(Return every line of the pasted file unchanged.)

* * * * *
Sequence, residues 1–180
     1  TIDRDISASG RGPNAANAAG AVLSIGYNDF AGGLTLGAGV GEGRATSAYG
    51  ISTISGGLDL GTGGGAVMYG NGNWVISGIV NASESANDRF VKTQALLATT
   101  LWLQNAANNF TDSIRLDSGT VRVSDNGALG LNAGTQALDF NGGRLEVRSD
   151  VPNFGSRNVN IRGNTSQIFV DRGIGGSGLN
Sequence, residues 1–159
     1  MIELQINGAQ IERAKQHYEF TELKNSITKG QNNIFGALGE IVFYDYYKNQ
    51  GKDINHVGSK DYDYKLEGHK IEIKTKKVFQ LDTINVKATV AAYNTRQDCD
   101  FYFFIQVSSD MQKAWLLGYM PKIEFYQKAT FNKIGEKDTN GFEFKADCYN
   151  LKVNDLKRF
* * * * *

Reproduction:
Sequence, residues 1–180
     1  TIDRDISASG RGPNAANAAG AVLSIGYNDF AGGLTLGAGV GEGRATSAYG
    51  ISTISGGLDL GTGGGAVMYG NGNWVISGIV NASESANDRF VKTQALLATT
   101  LWLQNAANNF TDSIRLDSGT VRVSDNGALG LNAGTQALDF NGGRLEVRSD
   151  VPNFGSRNVN IRGNTSQIFV DRGIGGSGLN
Sequence, residues 1–159
     1  MIELQINGAQ IERAKQHYEF TELKNSITKG QNNIFGALGE IVFYDYYKNQ
    51  GKDINHVGSK DYDYKLEGHK IEIKTKKVFQ LDTINVKATV AAYNTRQDCD
   101  FYFFIQVSSD MQKAWLLGYM PKIEFYQKAT FNKIGEKDTN GFEFKADCYN
   151  LKVNDLKRF